Freddie Lee Wright

Mobile County, Alabama
Date of Crime: December 1, 1977
Executed March 3, 2000

On Dec. 1, 1977, Warren and Lois Green were murdered during a robbery of the Western Auto store that they owned and operated in Mount Vernon. Shortly before the murders, a customer, Mary Johnson, noticed a man entering the store as she was leaving. After she heard about the murders, she identified Theodore Otis Roberts from a police photo spread as the man she saw entering along with his blue car that she saw parked outside.

Mobile County Detective Albert Stroh then filed a search affidavit in which he swore under oath that Roberts' girlfriend, Sharlene Tipton, told him she had been with Roberts twenty-four hours a day and that Roberts' handgun was the weapon used in the murders. Based on this affidavit, a search warrant was issued, and Robert's handgun was recovered. A state expert positively identified the handgun as the weapon used in the murders. Roberts was then arrested and bound over for trial. Tipton also reportedly led police to property that had been taken from the Western Auto store.

In the summer of 1978, a Mississippi inmate named Roger McQueen claimed to have knowledge of the murders. After interviewing McQueen, police arrested Freddie Lee Wright as well as two other individuals, Percy Craig and Reginald Tinsley. McQueen and Craig eventually were to testify that McQueen (not Roberts) was the first member of the robbery team to enter the Western Auto store. They disclaimed any involvement by Roberts and implicated Wright as the triggerman instead. Following these arrests, all charges against Roberts were dropped.

At Wright's trial, McQueen and Craig, both of whom had criminal records, testified against Wright. They admitted culpability in the robbery. (Tinsley did not testify.) The state withheld the witness identification of Roberts as well as the search affidavit, which contained the statement by Roberts' girlfriend. The only evidence the state submitted was the identification of an earlier unspecified handgun (Robert's gun) as the murder weapon. At Wright's trial, an expert testified that Wright's handgun was consistent with the murder weapon. The state also withheld evidence of its deals with McQueen and Craig.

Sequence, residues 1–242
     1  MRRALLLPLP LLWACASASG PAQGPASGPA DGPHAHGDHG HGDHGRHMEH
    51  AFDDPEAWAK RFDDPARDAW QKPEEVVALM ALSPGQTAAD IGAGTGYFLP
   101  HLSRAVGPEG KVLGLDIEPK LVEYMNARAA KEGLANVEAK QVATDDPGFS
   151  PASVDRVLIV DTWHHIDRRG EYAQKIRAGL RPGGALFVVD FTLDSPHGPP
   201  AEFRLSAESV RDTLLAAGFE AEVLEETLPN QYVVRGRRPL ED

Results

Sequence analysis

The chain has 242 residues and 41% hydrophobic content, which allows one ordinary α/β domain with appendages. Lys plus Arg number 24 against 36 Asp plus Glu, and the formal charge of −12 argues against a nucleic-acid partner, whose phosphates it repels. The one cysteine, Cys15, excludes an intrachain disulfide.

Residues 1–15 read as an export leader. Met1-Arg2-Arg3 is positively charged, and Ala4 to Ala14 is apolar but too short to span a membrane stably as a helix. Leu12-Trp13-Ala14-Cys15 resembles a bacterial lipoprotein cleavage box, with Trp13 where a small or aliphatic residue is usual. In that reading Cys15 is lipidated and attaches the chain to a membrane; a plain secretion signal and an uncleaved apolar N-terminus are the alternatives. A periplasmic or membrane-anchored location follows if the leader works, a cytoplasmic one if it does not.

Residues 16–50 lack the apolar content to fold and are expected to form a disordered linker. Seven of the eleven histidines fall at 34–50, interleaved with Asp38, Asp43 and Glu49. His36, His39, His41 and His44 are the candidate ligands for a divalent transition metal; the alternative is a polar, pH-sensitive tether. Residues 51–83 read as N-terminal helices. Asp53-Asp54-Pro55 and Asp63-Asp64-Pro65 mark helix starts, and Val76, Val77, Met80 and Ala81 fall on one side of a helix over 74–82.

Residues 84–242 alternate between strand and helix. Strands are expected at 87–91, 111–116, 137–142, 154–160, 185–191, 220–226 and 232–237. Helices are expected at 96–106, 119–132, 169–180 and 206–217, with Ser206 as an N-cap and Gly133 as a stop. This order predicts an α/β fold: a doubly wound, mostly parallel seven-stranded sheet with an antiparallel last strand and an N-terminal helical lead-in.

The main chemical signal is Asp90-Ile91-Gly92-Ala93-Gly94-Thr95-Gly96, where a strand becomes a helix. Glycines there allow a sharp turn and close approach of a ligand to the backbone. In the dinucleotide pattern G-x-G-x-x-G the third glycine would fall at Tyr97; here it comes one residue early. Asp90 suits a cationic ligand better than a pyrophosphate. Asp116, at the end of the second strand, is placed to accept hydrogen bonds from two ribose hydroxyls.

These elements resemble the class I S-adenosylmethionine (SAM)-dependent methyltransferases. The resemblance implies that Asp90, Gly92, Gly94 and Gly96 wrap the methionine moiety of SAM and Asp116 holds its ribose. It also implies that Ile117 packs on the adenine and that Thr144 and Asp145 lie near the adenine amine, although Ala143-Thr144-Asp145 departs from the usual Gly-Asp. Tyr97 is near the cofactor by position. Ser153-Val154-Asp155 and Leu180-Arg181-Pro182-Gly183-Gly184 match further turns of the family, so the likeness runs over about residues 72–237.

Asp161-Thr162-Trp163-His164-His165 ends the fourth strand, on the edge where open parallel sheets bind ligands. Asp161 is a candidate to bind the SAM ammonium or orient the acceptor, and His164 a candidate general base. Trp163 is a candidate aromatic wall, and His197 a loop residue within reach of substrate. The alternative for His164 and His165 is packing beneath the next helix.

Wright's first trial ended in a mistrial. The mixed race jury voted 11 to 1 to acquit him. Wright was black and the victims were white. The holdout juror, a white female, admitted later that she did not believe Wright was guilty, but felt “someone must be severely punished for such a senseless crime.”

At Wright's second trial the prosecution used at least seven of its ten peremptory challenges to exclude black jurors, resulting in an all white jury. In addition to the first trial evidence, it presented the testimony of Wright's former girlfriend, Doris Lambert. Lambert testified that Wright admitted to the murders in June 1977, which was six months before they were committed. The state withheld evidence of Lambert's extensive psychiatric history as well as her drug addiction. Lambert reportedly received help regaining custody of her children in exchange for her testimony against Wright. The state had previously arrested Wright's fiancée on an apparently trumped up charge and unsuccessfully tried to pressure her to testify against Wright. The second trial jury convicted Wright and he was sentenced to death.

In 1992, McQueen was released from prison in Mississippi. He served an Alabama sentence for armed robbery of the Greens concurrently with his Mississippi sentence. He did not have to serve any time in Alabama. Percy Craig was sentenced to ten years. His later status is unknown. Tinsley was sentenced to 25 years and was granted parole. At a 1996 federal hearing in Mobile, McQueen recanted his testimony and apologized to Wright from the witness chair.

Two Alabama Supreme Court Justices voted in favor of a last minute stay of Wright's execution, but seven others voted against it. Justice Johnstone wrote in his dissent, “Whether Wright is electrocuted or injected seems insignificant compared to the likelihood that we are sending an innocent man to his death. We should stay this execution briefly and take another look at this case under Rule 39(k).” Wright was executed in the electric chair on March 3, 2000.  [5/07]


References:  CCADP, Justice: Denied

Posted in:  Victims of the State, Alabama Cases, Defendants Executed After 1976